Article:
This review contains spoilers.
3.2 Wanheda Part 2
A lot of The 100‘s narrative energy last year came from several concurrent journeys home, whether that meant characters trying to get back to parents or children, prisoners of one camp trying to escape to another, or just the folks at Mount Weather wishing and hoping they’d one day get to walk outside again.
That works, because it keeps things moving at an often exhausting pace and, although we all wish to see certain characters interacting with each other more often, the constant shifting and changing of location eases the frustration. It’s the same tactic employed by shows like The Walking Dead (at its best) and Game Of Thrones, but I’d argue that The 100 does it more successfully than at least the former.
So keeping Clarke separate from Bellamy and the rest of her people, but still giving us wonderful moments like that reunion with Lexa, is smart on the writers’ part because, with everyone moving along different paths at the same time, it elongates the tension whilst never feeling like the show is treading water.
Until Murphy and Jaha’s storyline progresses a little, it seems that the Ice Nation are our go-to villains this year, but that also might change when the lost contingent of Sky People, led by Pike, inevitably turn against our protagonists. They’re extremists in the same way the Grounders were shown to be in the first season, tarring all ‘others’ with the same brush after a tragic run-in with Ice Nation when they first landed.
It’s an interesting idea to bring these guys into the show, not just to provide an excuse for new characters, but also to introduce a potential threat that doesn’t originate on Earth. Our heroes aren’t necessarily better than them just because they’ve managed to form alliances in order to keep the bloodshed down, they were simply handed a different set of circumstances when they came down from the Ark.
And that alliance may soon be over anyway, after Abby and Lincoln make the call to take Nyko to Mount Weather in order to heal his wounds. There’s a whole world of resources and supplies the group can’t be seen using for fear of outside perception, but it’s a choice they would have been forced to make sooner or later. If not them, someone else would have figured out there was an entire city running beneath them.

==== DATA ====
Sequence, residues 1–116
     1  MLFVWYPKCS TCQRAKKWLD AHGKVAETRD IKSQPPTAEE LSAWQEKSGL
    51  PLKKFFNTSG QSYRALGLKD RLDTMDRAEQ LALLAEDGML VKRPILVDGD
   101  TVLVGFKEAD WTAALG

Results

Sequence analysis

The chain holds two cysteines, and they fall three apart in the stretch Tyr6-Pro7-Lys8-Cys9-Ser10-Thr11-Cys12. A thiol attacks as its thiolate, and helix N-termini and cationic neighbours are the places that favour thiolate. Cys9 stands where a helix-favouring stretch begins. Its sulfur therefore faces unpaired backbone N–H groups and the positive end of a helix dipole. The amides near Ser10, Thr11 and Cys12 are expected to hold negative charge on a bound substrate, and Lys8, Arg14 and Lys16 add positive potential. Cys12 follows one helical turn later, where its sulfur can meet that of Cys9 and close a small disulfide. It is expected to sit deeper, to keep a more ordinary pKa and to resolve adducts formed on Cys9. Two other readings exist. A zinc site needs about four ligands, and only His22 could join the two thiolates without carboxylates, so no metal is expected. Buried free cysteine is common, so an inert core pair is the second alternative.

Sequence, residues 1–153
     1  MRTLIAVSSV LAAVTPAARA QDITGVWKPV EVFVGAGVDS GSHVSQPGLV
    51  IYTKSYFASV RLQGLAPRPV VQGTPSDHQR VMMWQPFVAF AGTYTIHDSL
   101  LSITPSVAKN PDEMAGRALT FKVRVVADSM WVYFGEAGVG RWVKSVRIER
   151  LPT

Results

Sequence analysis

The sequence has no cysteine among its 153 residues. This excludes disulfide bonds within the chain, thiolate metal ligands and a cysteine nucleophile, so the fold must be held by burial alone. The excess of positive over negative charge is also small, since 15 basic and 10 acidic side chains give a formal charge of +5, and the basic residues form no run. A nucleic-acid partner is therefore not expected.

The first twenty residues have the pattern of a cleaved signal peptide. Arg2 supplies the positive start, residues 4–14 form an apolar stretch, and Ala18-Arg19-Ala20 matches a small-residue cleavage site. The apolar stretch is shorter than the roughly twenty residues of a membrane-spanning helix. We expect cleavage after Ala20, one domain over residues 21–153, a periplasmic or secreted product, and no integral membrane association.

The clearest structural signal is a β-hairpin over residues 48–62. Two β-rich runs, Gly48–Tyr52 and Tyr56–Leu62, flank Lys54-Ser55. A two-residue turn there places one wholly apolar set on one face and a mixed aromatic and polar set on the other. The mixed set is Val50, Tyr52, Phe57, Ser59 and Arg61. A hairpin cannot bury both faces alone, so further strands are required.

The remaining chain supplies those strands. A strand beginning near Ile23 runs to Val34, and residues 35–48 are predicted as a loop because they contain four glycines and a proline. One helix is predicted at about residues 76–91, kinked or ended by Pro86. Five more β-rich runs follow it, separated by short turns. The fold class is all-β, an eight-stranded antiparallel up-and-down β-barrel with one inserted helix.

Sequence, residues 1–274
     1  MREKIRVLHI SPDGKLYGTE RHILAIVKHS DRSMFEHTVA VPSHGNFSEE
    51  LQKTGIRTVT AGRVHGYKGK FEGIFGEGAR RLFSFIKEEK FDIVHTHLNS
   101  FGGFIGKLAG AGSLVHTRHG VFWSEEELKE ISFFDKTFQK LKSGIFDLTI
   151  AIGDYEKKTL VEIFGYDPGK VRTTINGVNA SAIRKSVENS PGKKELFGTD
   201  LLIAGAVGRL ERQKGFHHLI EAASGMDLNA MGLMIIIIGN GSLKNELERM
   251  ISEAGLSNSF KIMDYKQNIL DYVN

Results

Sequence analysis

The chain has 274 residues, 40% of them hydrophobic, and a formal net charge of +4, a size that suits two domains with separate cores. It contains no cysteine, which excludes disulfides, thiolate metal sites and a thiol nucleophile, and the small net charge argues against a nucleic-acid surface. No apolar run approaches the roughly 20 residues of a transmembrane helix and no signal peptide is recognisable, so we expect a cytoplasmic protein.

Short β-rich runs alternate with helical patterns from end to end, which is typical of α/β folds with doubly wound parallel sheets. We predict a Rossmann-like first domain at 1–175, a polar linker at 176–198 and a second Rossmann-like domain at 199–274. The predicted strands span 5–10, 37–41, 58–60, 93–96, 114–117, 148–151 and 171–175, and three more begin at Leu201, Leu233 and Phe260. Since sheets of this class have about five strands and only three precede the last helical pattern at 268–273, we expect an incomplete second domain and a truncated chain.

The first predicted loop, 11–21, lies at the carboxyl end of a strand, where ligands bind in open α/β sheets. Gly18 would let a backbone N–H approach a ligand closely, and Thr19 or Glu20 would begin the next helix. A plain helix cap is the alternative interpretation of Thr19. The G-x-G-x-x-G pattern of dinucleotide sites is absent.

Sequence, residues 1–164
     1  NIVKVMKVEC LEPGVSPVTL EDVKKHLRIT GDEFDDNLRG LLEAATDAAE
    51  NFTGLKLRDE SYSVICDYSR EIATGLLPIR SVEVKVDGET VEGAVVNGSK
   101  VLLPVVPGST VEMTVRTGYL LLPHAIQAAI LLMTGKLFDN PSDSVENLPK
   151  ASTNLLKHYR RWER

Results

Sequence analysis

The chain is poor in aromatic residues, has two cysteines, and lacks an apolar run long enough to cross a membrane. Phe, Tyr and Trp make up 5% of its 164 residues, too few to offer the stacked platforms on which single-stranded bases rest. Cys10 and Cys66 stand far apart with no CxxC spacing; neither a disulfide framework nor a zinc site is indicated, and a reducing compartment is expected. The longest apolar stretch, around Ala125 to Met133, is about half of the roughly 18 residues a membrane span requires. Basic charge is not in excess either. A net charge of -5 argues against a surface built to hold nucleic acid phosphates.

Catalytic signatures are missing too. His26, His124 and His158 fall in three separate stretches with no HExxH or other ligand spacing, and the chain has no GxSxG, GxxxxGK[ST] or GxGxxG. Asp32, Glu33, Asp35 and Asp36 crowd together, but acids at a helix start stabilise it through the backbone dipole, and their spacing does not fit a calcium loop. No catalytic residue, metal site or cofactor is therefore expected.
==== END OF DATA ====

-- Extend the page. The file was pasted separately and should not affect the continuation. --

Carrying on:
Clarke spends much of the episode trying to evade Roan’s capture but, after seeing him threaten Bellamy, she agrees to go with him to Lexa. Roan himself gets some motivation, telling Clarke that capturing her is the only way for him to get back to his own people. He’s just like everyone else, doing what he has to in order to get what he needs, and that allows him to judge Clarke for her actions in the way a token villain couldn’t have.
And we should talk about the City of Light, which this week appeared to confirm the popular theory that it’s simply a virtual reality invented to save humanity. As we see in the episode, it’s also a place where injury and even death seem to be erased. We saw Emori kill Gideon, and yet he popped up in the City of Light regardless.
If that is the case, and people can be reunited even after the tragedy that has befallen them since descending from the Ark, it would be a fascinating direction for the show to go in. The 100 is sci-fi at its core, after all, so introducing futuristic tech into these otherwise primitive surroundings would be weird in the most wonderful way. Right now, it’s hard to know who to be most afraid of, and that’s a place I very much like being in with this show.
Read Caroline’s review of the previous episode, Wanheda Part 1, here.